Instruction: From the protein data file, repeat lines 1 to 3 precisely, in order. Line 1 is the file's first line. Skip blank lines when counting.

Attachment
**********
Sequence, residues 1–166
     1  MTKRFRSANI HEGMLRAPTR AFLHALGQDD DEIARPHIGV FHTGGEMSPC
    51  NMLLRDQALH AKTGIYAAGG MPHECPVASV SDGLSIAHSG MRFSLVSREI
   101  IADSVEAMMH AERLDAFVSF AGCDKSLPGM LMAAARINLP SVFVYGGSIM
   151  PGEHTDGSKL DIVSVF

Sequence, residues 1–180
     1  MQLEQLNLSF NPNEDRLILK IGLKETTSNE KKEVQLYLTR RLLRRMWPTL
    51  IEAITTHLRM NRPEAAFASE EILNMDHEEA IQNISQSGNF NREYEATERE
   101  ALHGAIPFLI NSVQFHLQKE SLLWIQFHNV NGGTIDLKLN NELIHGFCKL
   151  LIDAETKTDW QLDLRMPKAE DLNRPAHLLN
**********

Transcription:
Sequence, residues 1–166
     1  MTKRFRSANI HEGMLRAPTR AFLHALGQDD DEIARPHIGV FHTGGEMSPC
    51  NMLLRDQALH AKTGIYAAGG MPHECPVASV SDGLSIAHSG MRFSLVSREI